You are here
Cities in Guangdong raise monthly minimum wage level
Several major industrial cities in Guangdong, southern China, will raise their minimum wage levels in September as officials hope that it could help solve labour shortage in the province.
After the new standard comes into effect on 1 September, workers in Guangdong will be entitled to a minimum wage of 780 yuan (US$97.5) per month. The minimum wage inside the Shenzhen Special Economic Zone will increase from 690 yuan to 810 yuan. In Zhuhai, Foshan, Dongguan and Zhongshan cities the minimum will be put up to 690 yuan, while that of Shantou, Huizhou and Jiangmen will be increased to 600 yuan. The monthly minimum wage in Shaoguan, Heyuan, Meizhou, Shanwei, Yangjiang, Zhanjiang, Maoming, Zhaoqing, Qingyuan, Chanzhou, Jieyang and Yunfu cities will increase to 500 yuan. Some counties' minimum wage will be raised to 450 yuan per month.
Official media reported that a large number of foreign-invested factories and companies in Guangdong are suffering a shortage of more than one million workers. Low salaries are blamed as a major reason that many rural migrant workers are leaving the area for the Yangtze River Delta region in eastern China.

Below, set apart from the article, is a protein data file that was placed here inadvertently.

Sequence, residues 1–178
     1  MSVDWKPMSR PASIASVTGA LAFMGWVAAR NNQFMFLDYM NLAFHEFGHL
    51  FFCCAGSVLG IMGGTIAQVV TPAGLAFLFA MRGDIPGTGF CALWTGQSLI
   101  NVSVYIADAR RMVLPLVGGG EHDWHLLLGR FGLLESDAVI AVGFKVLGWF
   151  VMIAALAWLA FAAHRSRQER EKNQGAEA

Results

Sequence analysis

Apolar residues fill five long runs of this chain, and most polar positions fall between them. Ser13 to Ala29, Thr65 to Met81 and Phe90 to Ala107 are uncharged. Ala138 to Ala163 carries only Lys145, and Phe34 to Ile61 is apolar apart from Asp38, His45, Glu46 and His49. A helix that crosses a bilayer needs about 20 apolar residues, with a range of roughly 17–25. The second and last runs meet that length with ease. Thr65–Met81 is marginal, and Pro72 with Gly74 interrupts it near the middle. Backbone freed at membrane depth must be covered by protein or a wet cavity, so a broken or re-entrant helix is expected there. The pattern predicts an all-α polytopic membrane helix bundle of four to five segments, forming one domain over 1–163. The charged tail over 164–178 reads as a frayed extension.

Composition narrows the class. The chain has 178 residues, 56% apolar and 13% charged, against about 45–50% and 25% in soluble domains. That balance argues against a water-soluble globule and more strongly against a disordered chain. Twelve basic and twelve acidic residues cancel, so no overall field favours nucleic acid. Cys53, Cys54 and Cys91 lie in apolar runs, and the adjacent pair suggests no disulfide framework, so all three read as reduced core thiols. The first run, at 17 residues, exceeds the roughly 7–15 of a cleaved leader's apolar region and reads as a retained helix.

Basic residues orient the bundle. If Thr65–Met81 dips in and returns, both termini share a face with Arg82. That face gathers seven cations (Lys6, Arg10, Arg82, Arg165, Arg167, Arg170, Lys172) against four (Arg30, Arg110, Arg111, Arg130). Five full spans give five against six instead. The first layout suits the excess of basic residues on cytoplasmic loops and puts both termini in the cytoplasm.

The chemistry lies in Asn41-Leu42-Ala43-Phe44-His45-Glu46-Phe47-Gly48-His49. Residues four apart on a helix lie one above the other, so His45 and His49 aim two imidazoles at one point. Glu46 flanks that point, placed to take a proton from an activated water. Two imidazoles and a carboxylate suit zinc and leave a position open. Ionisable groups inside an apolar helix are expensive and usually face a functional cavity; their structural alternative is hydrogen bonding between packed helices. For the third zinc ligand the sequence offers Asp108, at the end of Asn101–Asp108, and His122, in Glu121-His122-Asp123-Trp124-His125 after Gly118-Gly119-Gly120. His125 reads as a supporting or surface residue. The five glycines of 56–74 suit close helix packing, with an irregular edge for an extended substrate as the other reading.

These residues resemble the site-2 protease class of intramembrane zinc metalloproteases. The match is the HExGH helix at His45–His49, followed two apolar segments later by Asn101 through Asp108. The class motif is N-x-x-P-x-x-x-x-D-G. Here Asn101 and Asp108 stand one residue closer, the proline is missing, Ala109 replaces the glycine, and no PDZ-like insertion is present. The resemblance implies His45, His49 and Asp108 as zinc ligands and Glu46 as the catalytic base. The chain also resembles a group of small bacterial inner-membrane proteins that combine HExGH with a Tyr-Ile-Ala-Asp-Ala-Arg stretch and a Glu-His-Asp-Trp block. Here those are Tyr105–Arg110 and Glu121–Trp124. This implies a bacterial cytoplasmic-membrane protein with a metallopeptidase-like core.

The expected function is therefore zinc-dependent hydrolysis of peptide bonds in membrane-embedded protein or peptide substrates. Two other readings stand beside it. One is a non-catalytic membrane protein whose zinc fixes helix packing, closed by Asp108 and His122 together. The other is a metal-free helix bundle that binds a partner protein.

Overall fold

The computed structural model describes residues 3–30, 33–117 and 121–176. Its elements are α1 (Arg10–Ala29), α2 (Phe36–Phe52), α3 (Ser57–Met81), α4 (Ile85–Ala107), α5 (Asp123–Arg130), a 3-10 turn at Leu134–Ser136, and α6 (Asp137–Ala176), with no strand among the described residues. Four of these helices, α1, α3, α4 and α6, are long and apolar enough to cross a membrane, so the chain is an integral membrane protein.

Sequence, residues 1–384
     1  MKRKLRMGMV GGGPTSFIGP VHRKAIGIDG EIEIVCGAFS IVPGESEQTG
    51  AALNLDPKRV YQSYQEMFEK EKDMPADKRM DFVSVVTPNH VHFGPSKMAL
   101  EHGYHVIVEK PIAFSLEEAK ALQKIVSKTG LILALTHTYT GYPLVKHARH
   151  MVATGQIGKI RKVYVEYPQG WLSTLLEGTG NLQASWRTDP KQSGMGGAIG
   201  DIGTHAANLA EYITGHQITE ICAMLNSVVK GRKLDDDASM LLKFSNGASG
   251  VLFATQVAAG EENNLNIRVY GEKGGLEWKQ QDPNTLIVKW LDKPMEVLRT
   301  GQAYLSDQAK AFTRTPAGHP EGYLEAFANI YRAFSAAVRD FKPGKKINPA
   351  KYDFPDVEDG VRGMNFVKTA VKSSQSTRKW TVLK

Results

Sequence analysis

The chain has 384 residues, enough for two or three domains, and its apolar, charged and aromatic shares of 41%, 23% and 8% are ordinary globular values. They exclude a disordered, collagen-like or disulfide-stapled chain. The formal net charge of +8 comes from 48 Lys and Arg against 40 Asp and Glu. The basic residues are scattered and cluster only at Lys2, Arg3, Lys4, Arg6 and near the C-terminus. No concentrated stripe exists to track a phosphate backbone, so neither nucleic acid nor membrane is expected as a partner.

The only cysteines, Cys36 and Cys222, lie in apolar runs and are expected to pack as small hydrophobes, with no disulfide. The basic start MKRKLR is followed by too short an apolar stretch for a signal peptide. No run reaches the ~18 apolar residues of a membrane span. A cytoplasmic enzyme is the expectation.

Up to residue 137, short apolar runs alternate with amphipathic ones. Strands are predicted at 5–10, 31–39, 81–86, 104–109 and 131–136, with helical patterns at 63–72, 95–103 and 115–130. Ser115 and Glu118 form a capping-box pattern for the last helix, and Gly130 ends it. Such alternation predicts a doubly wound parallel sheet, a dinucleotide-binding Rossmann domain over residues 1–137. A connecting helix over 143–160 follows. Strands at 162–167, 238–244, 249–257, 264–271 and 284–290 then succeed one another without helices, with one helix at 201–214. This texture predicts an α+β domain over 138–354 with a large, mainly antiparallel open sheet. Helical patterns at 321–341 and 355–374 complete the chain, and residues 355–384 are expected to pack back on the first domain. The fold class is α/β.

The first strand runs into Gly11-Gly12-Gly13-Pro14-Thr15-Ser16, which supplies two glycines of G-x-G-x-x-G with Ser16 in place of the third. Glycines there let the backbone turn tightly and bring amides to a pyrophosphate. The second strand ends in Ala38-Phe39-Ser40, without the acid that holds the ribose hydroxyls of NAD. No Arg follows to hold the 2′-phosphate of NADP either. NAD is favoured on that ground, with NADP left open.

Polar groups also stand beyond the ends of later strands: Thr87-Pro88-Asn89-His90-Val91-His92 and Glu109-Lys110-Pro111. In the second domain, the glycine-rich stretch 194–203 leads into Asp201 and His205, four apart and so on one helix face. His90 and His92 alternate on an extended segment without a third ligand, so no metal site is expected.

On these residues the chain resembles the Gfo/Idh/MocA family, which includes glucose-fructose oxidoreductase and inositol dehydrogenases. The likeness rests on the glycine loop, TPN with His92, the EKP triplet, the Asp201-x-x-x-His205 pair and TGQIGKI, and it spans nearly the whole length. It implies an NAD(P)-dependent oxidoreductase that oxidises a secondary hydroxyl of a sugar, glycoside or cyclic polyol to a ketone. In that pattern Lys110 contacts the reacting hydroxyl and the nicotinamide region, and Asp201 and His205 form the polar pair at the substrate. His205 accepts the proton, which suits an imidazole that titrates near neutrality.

Fang Chaogui, director of Guangdong Provincial Bureau of Labour and Social Security, believed that the increased monthly salary will benefit more than 23 million rural migrant workers who are currently employed in the province. He also noted that it is the seventh time Guangdong province has raised its minimum wage in 12 years and this year's is the biggest increase so far.
Workers can report to the local labour authorities if their wages are lower than the minimum wage level. Employers who failed to adjust the salary will be fined 5,000 to 50,000 yuan, Fang said.
In Shanghai City and Jiangsu province in the Yangtze River Delta, the minimum monthly salary is 690 yuan, while it is 640 yuan in Beijing. There have been reports that these areas are also considering an increase in minimum wage level.
Sources: People's Daily (13 July 2006), China Daily (13 July 2006), Shanghai Daily (13 July 2006), Guangzhou Daily (13 July 2006)
13 July 2006